After playing bass in Davis’ band, Miller got a chance to produce the legend, which was, not surprisingly, a bit intimidating for a young man. “Oh yeah, especially at the beginning,” he admits. Miller had written some songs for Davis’ 1986 Warner Bros. “comeback” debut and started to overdub the tracks in the studio. “Miles ended up coming in three days later, and I was wondering if he was going to dig it,” Miller recalls. “This was going to be pretty intense, but he came in and loved it. He said, ‘Keep going. I’ll come in tomorrow and play.’ When he came in to play, it was a little tough for me at first, because I wasn’t that willing to give him direction. Halfway through, he said, ‘Look, you have to tell me what to do. You wrote this, you know how it’s supposed to sound. Don’t hesitate.’ So I began to gingerly give him some direction.”

The duo continued working together for the Davis releases, Music From Siesta and Amandla. Miller grew more confident as the sessions progressed: “I was really taking charge by the end,” he says. “After a couple albums, he began to trust me, and I began to feel comfortable about it. So we went in, and it became a lot of fun.”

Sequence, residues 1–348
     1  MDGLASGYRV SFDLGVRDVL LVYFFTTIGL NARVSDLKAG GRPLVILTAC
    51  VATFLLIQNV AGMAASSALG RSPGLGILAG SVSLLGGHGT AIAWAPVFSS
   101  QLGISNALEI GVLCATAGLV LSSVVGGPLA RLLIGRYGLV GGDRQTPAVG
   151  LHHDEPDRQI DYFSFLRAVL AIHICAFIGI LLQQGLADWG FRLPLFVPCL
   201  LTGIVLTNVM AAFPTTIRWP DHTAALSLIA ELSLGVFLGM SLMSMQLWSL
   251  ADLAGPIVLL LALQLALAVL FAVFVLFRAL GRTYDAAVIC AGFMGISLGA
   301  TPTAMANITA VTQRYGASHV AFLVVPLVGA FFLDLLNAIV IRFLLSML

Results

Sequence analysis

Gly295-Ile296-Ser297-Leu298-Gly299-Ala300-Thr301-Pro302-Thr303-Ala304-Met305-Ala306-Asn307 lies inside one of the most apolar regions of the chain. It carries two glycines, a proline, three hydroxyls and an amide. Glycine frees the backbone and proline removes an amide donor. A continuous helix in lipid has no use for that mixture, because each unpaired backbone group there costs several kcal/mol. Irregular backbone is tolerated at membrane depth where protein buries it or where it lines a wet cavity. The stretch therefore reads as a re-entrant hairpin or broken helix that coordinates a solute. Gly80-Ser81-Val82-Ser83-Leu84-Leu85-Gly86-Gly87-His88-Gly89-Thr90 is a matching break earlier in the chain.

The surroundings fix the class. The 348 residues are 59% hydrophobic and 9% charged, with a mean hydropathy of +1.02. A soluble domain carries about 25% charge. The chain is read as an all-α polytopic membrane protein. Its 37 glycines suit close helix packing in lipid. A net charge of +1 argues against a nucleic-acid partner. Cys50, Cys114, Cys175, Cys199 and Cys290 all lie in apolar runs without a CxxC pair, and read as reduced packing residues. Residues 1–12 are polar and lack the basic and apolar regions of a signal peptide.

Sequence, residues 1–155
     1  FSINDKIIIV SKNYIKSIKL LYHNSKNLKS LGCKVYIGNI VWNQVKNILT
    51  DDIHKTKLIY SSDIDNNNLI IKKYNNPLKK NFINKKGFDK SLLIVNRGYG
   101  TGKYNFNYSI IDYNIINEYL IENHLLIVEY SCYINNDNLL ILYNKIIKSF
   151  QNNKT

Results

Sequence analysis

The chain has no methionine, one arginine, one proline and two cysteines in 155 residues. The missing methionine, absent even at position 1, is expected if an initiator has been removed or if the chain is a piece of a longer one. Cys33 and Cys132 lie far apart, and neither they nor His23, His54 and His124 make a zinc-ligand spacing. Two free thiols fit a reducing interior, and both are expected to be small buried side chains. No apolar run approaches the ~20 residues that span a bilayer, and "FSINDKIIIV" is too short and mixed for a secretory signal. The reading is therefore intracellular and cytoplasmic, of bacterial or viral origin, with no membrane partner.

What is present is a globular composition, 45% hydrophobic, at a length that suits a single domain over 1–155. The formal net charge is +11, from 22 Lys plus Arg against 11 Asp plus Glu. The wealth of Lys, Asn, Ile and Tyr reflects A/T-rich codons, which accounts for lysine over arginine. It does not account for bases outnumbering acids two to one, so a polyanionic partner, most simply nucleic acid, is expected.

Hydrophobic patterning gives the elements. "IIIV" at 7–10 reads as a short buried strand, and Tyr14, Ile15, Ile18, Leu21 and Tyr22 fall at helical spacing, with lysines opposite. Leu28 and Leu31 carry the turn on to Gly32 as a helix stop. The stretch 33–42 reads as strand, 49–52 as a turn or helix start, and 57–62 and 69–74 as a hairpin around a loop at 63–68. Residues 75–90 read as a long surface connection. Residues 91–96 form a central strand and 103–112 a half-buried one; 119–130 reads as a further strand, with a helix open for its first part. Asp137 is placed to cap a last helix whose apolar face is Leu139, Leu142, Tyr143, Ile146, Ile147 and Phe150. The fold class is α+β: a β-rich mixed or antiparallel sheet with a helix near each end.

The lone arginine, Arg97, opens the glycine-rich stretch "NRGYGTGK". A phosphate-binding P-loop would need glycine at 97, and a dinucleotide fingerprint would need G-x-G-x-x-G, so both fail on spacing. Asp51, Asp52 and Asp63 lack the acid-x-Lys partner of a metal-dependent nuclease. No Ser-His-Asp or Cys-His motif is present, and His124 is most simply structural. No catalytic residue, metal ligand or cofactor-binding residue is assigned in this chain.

It was during those sessions with Miles that Miller discovered his production philosophy, which he now brings along into any session he produces. “For me, in producing you basically fill in whatever needs to be filled in,” he adds. “If I’m producing an artist and all they do is sing, then I’m in charge of finding the songs, performing the songs, or getting musicians to perform the songs, picking the studio, getting the background singers. If I’m working with someone like Luther Vandross, who has so many talents himself, I just basically fill in whatever is necessary.”

During sessions with Vandross, they will discuss songs and approaches, though Vandross usually has a clear idea of how a song should sound. “So I’m basically another ear for him to bounce ideas off of,” Miller explains. “Since we’ve been working together for so long, I have a pretty good idea of what he likes. We both like the same things, so it makes it easier. I’m his secondary ears, and in terms of the arrangements, I’ll do that and I’ll help pull the musicians together. Basically whatever talents you have, you use to get the record done. Based on who the artist is, you’ll have more or less responsibility.”